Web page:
by Mark Marone  |  April 28, 2021

  • Mental and emotional stress are taking a toll on employees and leading to burnout which reduces employee engagement.
  • Managers and executives can take steps to protect workers’ wellbeing by encouraging time off, giving them a space to express their needs, and changing company culture and benefits.

Burnout and stress are affecting 75% of workers—more than ever before—and experts suggest mental health will continue to decline until a new sense of normalcy appears. Companies must form strategies to ensure the mental and emotional needs of their employees are being met.

Workplace Burnout and Stress Are Affecting Employee Engagement

In a Kaiser Family Foundation survey, 45% of Americans agreed that the global pandemic has harmed their mental health with an additional 19% saying it is having a “major impact.” SHRM research says 22% of employees report often having trouble concentrating on work tasks and 35% of employees report having reduced energy. When a few tired days become chronic stress and exhaustion, burnout has set in and employees disconnect from their work.

It’s estimated that depression and anxiety lead to over $1 trillion globally in lost annual revenue due to productivity loss and the corresponding decline of employees’ physical health. But it goes beyond productivity. Burnout and mental health strain affect employee retention rates. Up to 80% of workers say they would leave their current job for a company that focuses more on their mental wellbeing. If companies don’t start concentrating more on workers’ mental health, they may find themselves looking for new workers.

Strategies for Protecting Well-Being in the Workplace

When workers are stressed, anxious, or depressed, their engagement at work declines. It’s important for managers and executives to take steps toward better mental and emotional health in the workplace. Consider these options:

  • Keep the workday at work. Workers today feel increasingly pressured to answer business messages and emails outside of work hours. Use email scheduling tools to automatically send correspondence in the morning when work begins and help employees put “Do Not Disturb” hours on their messaging apps. Switching to asynchronous communications when possible can reduce burnout and increase productivity considering workers spend up to 80% of their day answering emails and messages.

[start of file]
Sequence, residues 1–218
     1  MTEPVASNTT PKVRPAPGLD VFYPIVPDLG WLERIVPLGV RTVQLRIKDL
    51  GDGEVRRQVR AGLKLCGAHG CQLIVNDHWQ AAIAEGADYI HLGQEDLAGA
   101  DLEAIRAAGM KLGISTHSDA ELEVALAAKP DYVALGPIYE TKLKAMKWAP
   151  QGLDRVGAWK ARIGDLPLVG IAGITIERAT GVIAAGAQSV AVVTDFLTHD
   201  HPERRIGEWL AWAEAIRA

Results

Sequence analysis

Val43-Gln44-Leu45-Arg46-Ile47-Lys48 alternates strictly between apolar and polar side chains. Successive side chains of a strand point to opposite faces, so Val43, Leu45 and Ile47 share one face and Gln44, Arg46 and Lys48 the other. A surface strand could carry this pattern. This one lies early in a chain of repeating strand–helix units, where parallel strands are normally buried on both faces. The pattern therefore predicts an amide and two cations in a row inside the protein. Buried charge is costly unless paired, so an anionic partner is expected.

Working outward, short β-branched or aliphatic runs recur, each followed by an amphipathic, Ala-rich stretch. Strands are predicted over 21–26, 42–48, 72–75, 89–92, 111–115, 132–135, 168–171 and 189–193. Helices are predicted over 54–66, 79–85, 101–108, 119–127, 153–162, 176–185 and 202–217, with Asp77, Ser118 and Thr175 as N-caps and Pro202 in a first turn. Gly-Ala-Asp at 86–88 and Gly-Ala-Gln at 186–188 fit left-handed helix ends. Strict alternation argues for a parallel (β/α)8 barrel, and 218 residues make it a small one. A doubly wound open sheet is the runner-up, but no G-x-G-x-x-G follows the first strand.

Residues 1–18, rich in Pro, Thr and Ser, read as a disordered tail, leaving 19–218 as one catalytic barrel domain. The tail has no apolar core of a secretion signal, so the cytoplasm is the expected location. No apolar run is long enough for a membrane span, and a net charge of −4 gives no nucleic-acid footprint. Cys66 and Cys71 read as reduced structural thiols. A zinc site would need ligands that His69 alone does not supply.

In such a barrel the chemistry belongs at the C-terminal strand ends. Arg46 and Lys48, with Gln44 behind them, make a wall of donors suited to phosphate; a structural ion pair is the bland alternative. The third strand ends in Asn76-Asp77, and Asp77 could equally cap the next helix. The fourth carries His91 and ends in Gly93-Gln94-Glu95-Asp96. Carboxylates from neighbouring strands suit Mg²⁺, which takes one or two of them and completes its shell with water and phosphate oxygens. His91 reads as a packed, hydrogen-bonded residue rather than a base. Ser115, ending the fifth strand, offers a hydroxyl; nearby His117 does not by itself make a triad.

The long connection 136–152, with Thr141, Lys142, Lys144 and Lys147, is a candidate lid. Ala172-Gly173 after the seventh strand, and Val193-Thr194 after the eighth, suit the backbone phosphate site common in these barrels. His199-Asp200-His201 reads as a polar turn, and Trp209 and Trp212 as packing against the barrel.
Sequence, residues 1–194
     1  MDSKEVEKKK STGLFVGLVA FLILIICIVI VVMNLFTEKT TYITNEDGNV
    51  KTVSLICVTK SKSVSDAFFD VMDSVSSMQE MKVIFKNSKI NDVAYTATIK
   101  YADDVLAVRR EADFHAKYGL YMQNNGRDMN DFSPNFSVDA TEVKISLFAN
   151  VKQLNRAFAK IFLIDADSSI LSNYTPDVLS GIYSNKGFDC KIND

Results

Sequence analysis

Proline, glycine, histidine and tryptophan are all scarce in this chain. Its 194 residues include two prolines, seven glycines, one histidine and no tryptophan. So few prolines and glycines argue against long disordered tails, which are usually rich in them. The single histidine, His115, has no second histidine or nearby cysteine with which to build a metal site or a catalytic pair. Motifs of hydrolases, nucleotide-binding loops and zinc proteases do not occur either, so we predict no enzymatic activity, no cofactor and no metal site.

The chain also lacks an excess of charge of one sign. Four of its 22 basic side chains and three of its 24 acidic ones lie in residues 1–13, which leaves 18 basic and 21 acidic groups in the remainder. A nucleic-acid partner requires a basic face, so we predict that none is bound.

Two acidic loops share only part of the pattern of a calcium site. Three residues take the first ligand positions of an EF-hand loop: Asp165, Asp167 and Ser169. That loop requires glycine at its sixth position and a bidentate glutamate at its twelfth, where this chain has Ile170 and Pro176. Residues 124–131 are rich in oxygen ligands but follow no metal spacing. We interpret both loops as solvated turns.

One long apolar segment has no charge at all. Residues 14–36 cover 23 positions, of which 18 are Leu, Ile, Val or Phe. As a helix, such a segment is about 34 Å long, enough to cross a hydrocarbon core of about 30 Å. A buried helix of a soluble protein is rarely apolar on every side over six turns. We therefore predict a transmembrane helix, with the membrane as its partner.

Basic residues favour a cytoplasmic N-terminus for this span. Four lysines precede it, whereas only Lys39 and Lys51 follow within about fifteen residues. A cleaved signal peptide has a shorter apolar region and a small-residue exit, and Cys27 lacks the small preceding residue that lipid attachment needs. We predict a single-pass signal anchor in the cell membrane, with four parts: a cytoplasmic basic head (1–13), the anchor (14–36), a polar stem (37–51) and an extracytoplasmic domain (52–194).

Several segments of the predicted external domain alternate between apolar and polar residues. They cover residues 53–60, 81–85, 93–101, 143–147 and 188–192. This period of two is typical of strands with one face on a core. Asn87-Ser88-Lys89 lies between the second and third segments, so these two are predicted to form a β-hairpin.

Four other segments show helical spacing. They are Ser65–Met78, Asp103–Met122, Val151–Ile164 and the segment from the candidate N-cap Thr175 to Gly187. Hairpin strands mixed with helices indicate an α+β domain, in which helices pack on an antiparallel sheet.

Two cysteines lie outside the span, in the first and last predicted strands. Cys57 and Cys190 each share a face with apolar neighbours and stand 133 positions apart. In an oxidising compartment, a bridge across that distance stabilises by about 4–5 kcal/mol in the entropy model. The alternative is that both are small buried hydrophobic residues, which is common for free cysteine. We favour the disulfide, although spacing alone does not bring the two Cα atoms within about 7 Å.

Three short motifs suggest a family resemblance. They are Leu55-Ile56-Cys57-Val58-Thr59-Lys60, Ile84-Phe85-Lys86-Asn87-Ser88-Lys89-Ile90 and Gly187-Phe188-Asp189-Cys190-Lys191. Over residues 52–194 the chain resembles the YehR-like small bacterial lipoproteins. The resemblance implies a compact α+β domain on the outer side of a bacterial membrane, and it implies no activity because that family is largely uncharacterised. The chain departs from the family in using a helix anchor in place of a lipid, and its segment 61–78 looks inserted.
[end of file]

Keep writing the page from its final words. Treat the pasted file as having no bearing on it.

• Encourage using PTO. Make sure employees are taking their vacation days, as time off is the number one tool to fight burnout. Many employees put off restorative vacations (or staycations) for fear of appearing uncommitted or falling behind, yet their lack of time off results in lowered efficiency, productivity, and engagement. If necessary, mandate it like LinkedIn did with a company-wide week off in April 2021.
  • Give them a space to express their needs. Employees are going through a lot and they need a space where they can feel safe expressing their frustrations or asking for help. These psychologically safe spaces foster conversation and engagement between employees and managers. Make it a point to create these spaces. Managers can also connect one-on-one with workers and ask what support that person might need to help combat burnout.
  • Add flexibility to routine. Presenteeism—the tendency of workers to be present, but not when they can do their best work—leads to lost productivity and revenue. Adding flexibility with work from home and hybrid workplace options will allow employees the freedom to work in a way that’s best for them. Flexible working hours are also a great way to provide mental health support and ensure employees are doing their best.
  • Evaluate company culture and policies. Without managing the stress behind burnout, employees will not become reengaged. In a Willis Towers Watson report, 47% of companies surveyed say they will enhance health benefits, 45% are increasing mental health support, and 33% have plans to make changes to vacation and PTO policies. Managers and executives can support employees with changes to company expectations and benefits.
  • Practice empathy. It may sound simple but practicing empathy—the act of putting yourself in someone else’s shoes—can be a huge step in reducing burnout within employees. Up to 76% of employees say more empathy from managers and executives will drive better productivity, and up to 93% of CEOs say they need to practice more empathy to address the wellbeing of employees.

Supported Employees Are More Engaged Employees

Deloitte analysis in the UK showed that for every £1 (about $1.40 USD) spent on mental health services, an employer could expect £5 (about $6.90 USD) in returns. Robust mental health programs benefit workers by protecting their physical, emotional, and mental wellbeing. This in turn reduces presenteeism, absenteeism, and turnover.

As managers and executives, we can help foster a low-stress environment in which employees can function at their best without feeling overwhelmed or burnt out. From encouraging workers take time off to changing corporate culture and policies, employees need support to combat burnout and remain engaged at work.

Check out our blogs and training programs to learn more about engaging workers for success.

Written By

Mark Marone

Mark Marone, PhD. is the director of research and thought leadership for Dale Carnegie and Associates where he is responsible for ongoing research into current issues facing leaders, employees and organizations world-wide. He publishes frequently on various topics including leadership, the employee/customer experience and sales. Mark can be reached at mark.marone@dalecarnegie.com.

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